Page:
Opposing camps of ANC president Cyril Ramaphosa and President Jacob Zuma supporters are squaring off in the Western Cape, each intent on installing their preferred candidate.
Ebrahim Rasool, the former Western Cape premier dispatched by the ANC over the “brown envelopes to journalists” saga as South African ambassador to the United States, and Mcebisi Skwatsha, the deputy minister of land reform, have emerged as the leading contenders to take over the party’s chairpersonship and to be the ANC’s Western Cape candidate for premier in next year’s national elections.
“They are seen as transitional leaders who can unite the warring factions in the province. The scenarios with Ebrahim are positive because he has credibility in government, along with Skwatsha,” a senior member of the ANC Western Cape provincial executive said this week.
“The thinking is that they were respected leaders in the past and let’s give them a chance because we don’t have leaders now,” the member said.
Both Rasool and Skwatsha were instrumental in driving Ramaphosa’s #Siyavuma campaign in the run-up to the December conference.
But Zuma’s backers would prefer the deputy police minister, Bongani Mkongi, who was been a vocal backer of the Dullah Omar region and was appointed to the Cabinet by Zuma in May 2016, to take over.
[Bongani Mkongi, the deputy police minister, is an NDZ supporter. (Jaco Marais/Gallo Images)]
“As [ANC] youth league chairperson, he [Mkongi] did very well and now, in police, he is at the forefront of the war against crime. So he’s tried and tested,” an ANC regional leader in the Cape Town metro said.
The position of chairperson of the province will have to be filled when acting chairperson Khaya Magaxa steps down this year.
Magaxa took over after Marius Fransman was suspended by the ANC’s national executive committee in 2016 for misconduct, for making statements that brought the ANC into disrepute and for using his position to obtain sexual favours.
Despite their differing leadership preferences, both camps agree on the need to use Ramaphosa’s election as ANC president and the Cape Town water crisis to secure the votes of Democratic Alliance supporters in the province.
“If you go to Fish Hoek, white people say they will vote for Cyril,” said ANC Western Cape secretary Faiez Jacobs. “It’s an age of renewal for the ANC and I previously made the point that Cyril is like Madiba. It’s almost like 1994. He represents a recalibration of the ANC and has potential to unite everybody.”
Ramaphosa will officially launch the provincial election campaign on February 11 at a special event at the Grand Parade in Cape Town to commemorate Nelson Mandela’s release from prison.
Mkongi said the ANC should use Ramaphosa’s election to change the perception of the party.
“The ANC will be assisted by the national changes. The election of the new president of the ANC should be utilised effectively and change the perception … We will be campaigning with the new president of the ANC to turn the tide,” Mkongi said.
But he cautioned against using the water crisis for politicking. “We are not going to make it political football. [Western Cape Premier] Helen Zille is trying to blame national government but they knew about this thing 10 years ago. Dullah Omar region must just campaign and mobilise our people against this government that is not caring.”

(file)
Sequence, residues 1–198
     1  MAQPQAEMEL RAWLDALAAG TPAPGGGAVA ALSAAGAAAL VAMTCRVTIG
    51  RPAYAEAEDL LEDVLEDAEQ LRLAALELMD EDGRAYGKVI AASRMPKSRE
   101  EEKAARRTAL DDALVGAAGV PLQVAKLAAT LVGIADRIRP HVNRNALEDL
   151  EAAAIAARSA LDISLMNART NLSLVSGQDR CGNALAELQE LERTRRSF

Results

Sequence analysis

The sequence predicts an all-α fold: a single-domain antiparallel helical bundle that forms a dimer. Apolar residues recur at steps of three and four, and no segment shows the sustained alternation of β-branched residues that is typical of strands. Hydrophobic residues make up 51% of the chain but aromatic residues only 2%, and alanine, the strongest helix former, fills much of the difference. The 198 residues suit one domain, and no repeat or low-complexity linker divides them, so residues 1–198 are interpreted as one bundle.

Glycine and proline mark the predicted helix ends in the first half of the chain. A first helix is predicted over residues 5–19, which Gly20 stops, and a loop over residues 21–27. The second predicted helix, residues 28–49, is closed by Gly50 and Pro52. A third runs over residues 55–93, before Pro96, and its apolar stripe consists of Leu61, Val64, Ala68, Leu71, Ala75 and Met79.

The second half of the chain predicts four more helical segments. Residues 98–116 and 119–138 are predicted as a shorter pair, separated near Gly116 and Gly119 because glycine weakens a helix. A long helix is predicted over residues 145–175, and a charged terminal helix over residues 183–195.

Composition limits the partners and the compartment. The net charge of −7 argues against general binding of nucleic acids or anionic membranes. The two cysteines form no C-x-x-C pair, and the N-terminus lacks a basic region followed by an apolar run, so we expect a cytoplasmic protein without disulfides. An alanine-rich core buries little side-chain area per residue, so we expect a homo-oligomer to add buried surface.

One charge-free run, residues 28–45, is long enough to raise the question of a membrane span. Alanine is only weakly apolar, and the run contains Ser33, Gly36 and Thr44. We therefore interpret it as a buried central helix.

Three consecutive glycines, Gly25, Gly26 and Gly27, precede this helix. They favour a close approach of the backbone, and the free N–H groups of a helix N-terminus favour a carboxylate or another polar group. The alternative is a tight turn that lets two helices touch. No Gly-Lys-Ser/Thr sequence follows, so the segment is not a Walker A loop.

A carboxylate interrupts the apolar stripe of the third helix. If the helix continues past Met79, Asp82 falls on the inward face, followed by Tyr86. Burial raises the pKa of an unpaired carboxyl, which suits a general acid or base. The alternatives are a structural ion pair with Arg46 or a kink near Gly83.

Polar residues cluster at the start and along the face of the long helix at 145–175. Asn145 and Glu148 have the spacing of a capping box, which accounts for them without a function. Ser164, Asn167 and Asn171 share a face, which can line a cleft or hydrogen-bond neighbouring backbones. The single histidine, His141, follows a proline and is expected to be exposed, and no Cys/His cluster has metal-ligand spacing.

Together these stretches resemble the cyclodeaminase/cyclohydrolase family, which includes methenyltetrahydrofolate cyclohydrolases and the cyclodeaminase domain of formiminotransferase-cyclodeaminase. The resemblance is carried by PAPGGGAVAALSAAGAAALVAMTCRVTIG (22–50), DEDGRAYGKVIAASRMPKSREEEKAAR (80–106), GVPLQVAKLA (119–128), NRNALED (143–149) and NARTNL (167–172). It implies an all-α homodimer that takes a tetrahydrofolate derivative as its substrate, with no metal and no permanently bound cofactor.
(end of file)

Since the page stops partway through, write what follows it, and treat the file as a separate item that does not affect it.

Jacobs said the ANC had not failed to capitalise on the crisis but the DA’s “propaganda” had had been more effective. “My sense is the DA always has the narrative. And there’s almost an embedded racism there, the need to believe white is right. We have been too complacent … and there’s definitely room for improved propaganda. The DA is very good at smoke and mirrors and deflection,” he said.
A former youth league chairperson for two terms, Mkongi is from Gugulethu and the Dullah Omar region. The region supported Zuma and Nkosazana Dlamini-Zuma in the run-up to the national conference.
On Wednesday Mkongi said his experience in the youth league had prepared him for the position.
“I presided over a united organisation through dedicated campaigns to make sure that the demands and aspirations of young people are at the centre of the state … We have put the youth of the Western Cape at that time on the map,” he said.
But he vowed not to buy votes or bribe people to campaign for him. “It’s better that I should not emerge because of money. I am not going to fund my campaign to be a chairperson. Branches must campaign for me and get me there … And If people think I’m not yet ready, it is their right. And I’m not going to fight it.”
Other leaders vying for the position of chairperson include ANC MPL Cameron Dugmore and Jacobs, with the latter described as a dark horse in the race.
Jacobs was at the forefront of Ramaphosa’s campaign in the Western Cape and the province voted nearly en bloc at the December conference, leading to increased support for his campaign to become chairperson, despite accusations by Zuma’s backers that Jacobs has sidelined the regions who supported Dlamini-Zuma.
Dugmore’s appeal is his ability to attract support from the province’s white population, among whom the party’s support was now nearly nonexistent, the ANC leader said.
“Cameron is potentially appealing to the lost white constituency and he is liked in all constituencies. There is currently a big push to regain the nonracial character of the ANC and his support probably reflects that.”
The Western Cape ANC is due to hold its provincial conference next year but will elect a permanent chairperson at a provincial general council in May, after which its candidate for premier will be announced.